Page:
On Learning Spanish

Recently, I began learning Spanish using the Duolingo app. As someone new to the Spanish language, the process has been fun. The folks at Duolingo use a mix of gamification, and good old fashion push notification bombardment to keep you engaged in the curriculum.

Even though the app has been engaging and easy to use, it’s hard to learn a new language as an adult. Really hard. The experience made me think about my career as a consultant, and what goes along with it; meeting new clients, being trusted to make smart, thoughtful recommendations to lead a their business, and also the language I use. I’m not talking about off-color remarks, because I am good for a handful of those each day, but the language of business, and more specifically strategy and design. Parsing through the ever-changing definitions of words and abbreviations like experience mapping, XD, IA, UI, interaction design, personas, service design (and more) can be difficult for professionals within the field — let alone a client who might be dipping their toe in the water for the first time on a customer experience or design project.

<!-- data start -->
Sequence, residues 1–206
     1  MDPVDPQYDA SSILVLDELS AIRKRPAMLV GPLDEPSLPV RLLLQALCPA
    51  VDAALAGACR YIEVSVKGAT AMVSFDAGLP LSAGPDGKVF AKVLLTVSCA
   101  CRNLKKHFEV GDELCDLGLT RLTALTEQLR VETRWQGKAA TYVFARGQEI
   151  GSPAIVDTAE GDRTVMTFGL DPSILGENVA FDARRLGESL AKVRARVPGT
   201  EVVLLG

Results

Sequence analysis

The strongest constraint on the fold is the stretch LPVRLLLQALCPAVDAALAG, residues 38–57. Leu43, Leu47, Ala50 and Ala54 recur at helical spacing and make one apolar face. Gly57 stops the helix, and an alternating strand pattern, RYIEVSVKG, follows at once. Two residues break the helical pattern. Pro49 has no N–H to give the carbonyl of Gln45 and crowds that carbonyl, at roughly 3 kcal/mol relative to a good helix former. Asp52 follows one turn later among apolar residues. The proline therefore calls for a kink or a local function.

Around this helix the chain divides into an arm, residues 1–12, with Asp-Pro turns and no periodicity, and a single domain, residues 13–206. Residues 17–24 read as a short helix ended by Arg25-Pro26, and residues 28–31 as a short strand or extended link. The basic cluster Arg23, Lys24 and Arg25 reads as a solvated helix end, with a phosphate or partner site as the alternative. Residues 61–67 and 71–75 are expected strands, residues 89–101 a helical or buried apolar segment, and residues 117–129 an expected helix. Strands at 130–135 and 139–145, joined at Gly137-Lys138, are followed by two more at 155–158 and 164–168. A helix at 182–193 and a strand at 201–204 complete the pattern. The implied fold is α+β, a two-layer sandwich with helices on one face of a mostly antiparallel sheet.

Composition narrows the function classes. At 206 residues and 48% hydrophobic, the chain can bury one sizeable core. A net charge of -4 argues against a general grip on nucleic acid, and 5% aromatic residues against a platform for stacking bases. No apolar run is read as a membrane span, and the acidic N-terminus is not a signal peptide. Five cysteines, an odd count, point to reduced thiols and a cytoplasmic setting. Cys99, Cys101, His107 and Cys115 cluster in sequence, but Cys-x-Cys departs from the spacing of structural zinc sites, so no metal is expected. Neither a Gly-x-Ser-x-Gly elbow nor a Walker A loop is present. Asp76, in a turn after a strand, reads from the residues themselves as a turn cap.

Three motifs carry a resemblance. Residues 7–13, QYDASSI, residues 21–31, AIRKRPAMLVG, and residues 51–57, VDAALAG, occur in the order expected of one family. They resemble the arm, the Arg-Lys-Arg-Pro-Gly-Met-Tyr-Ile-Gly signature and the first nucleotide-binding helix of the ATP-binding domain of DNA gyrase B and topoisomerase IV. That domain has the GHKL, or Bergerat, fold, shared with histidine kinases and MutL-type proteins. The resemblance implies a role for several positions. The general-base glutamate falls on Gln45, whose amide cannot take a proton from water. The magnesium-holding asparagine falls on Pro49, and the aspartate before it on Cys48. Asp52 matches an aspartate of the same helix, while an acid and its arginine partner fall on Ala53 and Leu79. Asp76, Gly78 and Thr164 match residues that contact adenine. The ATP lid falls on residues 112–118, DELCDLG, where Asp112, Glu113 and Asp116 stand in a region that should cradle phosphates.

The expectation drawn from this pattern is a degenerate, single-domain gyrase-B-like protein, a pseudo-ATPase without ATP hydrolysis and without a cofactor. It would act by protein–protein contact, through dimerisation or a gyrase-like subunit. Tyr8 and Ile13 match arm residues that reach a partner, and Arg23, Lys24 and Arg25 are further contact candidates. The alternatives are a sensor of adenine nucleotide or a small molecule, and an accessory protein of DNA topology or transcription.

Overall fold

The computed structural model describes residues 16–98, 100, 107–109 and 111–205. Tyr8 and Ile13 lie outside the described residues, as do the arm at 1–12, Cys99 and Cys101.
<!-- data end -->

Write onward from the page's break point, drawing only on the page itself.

Our clients are often put in high-pressure situations, managing a large investment in their organization’s time, resources, and money. Trying to make sense of, these terms, while making informed decisions can be daunting— especially for those once removed from the project (typically the one who is making the final decision).

In most situations the most important thing you can do as a consultant is empower your client, which is why nothing can afford to be lost in translation. I try and speak like a human, not like a suit. I try to explain the what and the why, and leave the jargon and abbreviations outside of the meeting room.

I am challenging myself to identify an industry term, phrase or concept I use often in meetings or conversations and define it as though I need to explain it to my mom or dad. They don’t keep up on brand purpose frameworks, and most likely, neither does my client.

It’s too easy in pop culture, or business to feel like you are a step behind the trend — don’t make your clients feel like they have to learn a foreign language to do business with you.